So last year, I taught chemistry for the first semester of Integrated Science in grade 10. Big mistake. As it turned out, about 25% of the students were new to our school and did not have the benefit of the trimester of introductory chemistry in grade 9. Then you add in a good chunk of students who for whatever reason managed to avoid learning the difference between an atom and an ion in grade 9, much less how to balance an equation or predict products in a double displacement reaction. The problem was that out of the three trimesters of science, chemistry was the only one that relied heavily on prior knowledge from grade 9. Both biology and physics contained mostly stand alone topics. Needless to say, my students were all over the place. Also needless to say, we started with physics first this year :-)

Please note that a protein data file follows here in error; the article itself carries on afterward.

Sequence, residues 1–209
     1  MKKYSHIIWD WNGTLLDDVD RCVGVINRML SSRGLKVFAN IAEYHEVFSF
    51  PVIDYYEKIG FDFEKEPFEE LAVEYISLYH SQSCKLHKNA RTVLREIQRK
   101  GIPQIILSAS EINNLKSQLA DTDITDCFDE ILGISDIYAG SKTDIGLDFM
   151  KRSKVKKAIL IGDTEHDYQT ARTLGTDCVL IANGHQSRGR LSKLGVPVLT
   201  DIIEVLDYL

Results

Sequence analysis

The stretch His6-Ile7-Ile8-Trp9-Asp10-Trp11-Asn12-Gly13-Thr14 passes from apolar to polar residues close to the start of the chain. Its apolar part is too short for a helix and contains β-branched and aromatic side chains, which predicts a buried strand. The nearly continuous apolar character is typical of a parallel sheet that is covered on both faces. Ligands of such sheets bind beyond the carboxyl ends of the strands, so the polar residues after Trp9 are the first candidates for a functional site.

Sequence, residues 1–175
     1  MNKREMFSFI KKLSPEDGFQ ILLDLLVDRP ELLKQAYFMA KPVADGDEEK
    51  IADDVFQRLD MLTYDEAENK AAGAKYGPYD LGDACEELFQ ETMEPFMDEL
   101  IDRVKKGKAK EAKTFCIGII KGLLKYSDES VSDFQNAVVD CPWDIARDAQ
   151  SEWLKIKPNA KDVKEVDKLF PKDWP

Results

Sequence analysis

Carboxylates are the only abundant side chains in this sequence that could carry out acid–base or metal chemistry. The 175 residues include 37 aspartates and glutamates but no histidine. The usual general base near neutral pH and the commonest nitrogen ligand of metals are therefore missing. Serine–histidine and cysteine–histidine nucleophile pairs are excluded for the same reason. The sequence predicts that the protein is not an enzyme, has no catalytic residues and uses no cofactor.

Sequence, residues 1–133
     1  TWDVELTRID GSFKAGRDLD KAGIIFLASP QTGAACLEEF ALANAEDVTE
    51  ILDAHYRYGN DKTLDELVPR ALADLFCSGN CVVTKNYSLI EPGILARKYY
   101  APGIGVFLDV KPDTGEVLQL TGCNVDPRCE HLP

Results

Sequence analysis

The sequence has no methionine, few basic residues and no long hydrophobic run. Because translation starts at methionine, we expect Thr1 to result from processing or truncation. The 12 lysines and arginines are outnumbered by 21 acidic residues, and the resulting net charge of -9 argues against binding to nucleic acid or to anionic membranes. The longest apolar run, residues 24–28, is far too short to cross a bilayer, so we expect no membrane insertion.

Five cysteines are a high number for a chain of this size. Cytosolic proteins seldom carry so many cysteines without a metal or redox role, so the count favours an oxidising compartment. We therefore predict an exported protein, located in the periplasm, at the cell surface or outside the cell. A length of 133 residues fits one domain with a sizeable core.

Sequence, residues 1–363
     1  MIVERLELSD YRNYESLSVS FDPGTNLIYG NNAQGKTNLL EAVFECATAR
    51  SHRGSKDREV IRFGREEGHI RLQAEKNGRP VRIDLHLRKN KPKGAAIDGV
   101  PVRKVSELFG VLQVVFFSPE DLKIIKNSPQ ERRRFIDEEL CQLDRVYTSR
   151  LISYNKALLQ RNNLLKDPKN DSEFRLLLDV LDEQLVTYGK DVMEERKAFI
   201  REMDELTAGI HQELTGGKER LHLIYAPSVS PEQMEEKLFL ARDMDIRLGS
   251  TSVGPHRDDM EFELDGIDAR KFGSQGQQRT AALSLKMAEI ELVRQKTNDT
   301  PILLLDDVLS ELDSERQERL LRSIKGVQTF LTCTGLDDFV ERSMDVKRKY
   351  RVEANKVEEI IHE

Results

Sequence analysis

Faced with only 12 weeks to get the entire class through molarity and stoichiometry, I was desperate. Then like a flash of lightning (the creative kind) it came to me. The perfect metaphor for doing molar conversions. If you are interested in how to use this strategy to solve problems involving molar conversions, check out the Mole Mountaineering lesson under Integrated Science Lessons.
Now for the shameless part. As with all great artists, creative inspiration begins with a sketch. We will call my sketch version 0.0002.